State officials say a Senate proposal to restore unemployment insurance benefits to more than 2 million long-term jobless would do more harm than good, warning that some states may ignore the legislation if it's passed into law.
The National Association of State Workforce Agencies, in a letter Wednesday to the Senate's party leaders -- Majority Leader Harry Reid, D-Nev., and Minority Leader Mitch McConnell, R-Ky. -- said the legislation would "substantially increase the administrative burden on states" by increasing costs and causing delays in the jobless receiving benefits.
"Some states have indicated they might decide such changes are not feasible in the short time available, and therefore would consider not signing the U.S. Department of Labor’s agreement to operate the program," wrote the group's president, Mark Henry.
The Senate on March 13 announced a bipartisan compromise to restart for five months the program for long-term unemployed workers whose jobless benefits went beyond state limits, which are about 26 weeks in most states. The program expired Dec. 28 after lawmakers failed to reach a deal.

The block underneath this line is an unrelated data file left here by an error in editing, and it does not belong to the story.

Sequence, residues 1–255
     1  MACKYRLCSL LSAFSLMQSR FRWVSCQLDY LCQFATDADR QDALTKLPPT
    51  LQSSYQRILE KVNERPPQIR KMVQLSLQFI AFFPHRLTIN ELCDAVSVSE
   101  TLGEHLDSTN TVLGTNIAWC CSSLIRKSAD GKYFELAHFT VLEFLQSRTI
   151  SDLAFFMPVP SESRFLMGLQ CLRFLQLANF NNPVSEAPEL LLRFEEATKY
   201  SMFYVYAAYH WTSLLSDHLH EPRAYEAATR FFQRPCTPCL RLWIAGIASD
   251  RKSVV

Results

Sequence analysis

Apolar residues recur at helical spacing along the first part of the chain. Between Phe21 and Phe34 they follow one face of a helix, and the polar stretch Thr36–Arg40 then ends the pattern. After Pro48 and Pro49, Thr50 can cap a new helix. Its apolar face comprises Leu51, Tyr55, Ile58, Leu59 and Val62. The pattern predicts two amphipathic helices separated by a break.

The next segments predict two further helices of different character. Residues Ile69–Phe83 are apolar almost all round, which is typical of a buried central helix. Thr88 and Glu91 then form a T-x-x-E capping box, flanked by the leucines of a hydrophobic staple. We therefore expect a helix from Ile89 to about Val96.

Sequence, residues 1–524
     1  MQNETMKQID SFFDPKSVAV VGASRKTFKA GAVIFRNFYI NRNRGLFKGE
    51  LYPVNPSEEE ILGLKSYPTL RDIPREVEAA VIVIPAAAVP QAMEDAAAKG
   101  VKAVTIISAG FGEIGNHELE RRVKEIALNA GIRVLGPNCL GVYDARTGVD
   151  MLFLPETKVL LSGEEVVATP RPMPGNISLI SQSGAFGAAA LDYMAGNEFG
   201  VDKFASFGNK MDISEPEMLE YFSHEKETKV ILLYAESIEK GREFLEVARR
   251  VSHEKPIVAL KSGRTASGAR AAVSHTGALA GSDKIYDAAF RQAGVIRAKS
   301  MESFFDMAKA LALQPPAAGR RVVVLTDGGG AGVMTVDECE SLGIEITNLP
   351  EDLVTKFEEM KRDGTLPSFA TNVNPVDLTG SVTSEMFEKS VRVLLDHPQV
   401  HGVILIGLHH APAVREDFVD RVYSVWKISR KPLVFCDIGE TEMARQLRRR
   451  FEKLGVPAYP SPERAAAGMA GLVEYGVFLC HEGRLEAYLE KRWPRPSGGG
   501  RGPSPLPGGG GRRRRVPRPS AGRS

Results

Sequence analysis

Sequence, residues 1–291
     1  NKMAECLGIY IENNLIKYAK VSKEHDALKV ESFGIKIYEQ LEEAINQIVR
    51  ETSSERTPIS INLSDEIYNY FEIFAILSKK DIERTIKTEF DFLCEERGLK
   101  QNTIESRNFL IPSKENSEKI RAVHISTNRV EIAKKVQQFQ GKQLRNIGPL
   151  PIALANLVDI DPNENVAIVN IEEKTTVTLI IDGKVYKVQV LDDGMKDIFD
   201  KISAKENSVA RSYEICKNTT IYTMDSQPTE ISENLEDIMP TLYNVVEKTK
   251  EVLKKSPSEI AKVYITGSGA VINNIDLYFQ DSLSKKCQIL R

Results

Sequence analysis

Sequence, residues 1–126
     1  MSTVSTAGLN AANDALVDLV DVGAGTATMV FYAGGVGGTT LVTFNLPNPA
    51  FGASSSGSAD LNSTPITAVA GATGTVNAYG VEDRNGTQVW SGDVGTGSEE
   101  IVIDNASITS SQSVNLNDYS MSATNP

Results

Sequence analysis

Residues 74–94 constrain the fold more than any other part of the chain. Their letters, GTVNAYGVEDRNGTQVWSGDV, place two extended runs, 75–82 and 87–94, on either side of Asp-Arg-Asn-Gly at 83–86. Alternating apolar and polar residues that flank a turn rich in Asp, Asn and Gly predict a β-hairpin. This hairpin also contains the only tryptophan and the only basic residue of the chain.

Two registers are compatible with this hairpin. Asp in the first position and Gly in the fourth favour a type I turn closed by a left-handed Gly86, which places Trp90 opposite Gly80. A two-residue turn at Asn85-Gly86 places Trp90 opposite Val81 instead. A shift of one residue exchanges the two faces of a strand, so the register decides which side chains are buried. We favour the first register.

Henry said his organization doesn't have a position on whether to extend the benefits program because member states hold varying opinions on what to do. But he said that since most states are "struggling with antiquated and rigid computer systems," it would be "very hard to implement program changes quickly and effectively."
Henry also said the Senate plan isn't clear on how states would pay for administration costs. And a provision to backdate claims to Dec. 29 would be "nearly impossible" to implement in many states.
He added that the plan's "millionaire provision" — which would end unemployment insurance payments to anyone earning at least a $1 million annually — also would be difficult to administer.
House Speaker John Boehner, R-Ohio, said the state organization's concerns highlight the proposal's "serious problems."
"We have always said that we're willing to look at extending emergency unemployment benefits again -- if Washington Democrats can come up with a plan that is fiscally responsible and gets to the root of the problem by helping to create more private-sector jobs," Boehner said. "There is no evidence that the bill being rammed through the Senate by Leader Reid meets that test."
The cost of extending the program is about $25 billion for one year. But the proposal is fully paid for using a combination of offsets that include extending "pension-smoothing" provisions in the 2012 highway bill, which are set to expire this year, and extending customs user fees through 2024.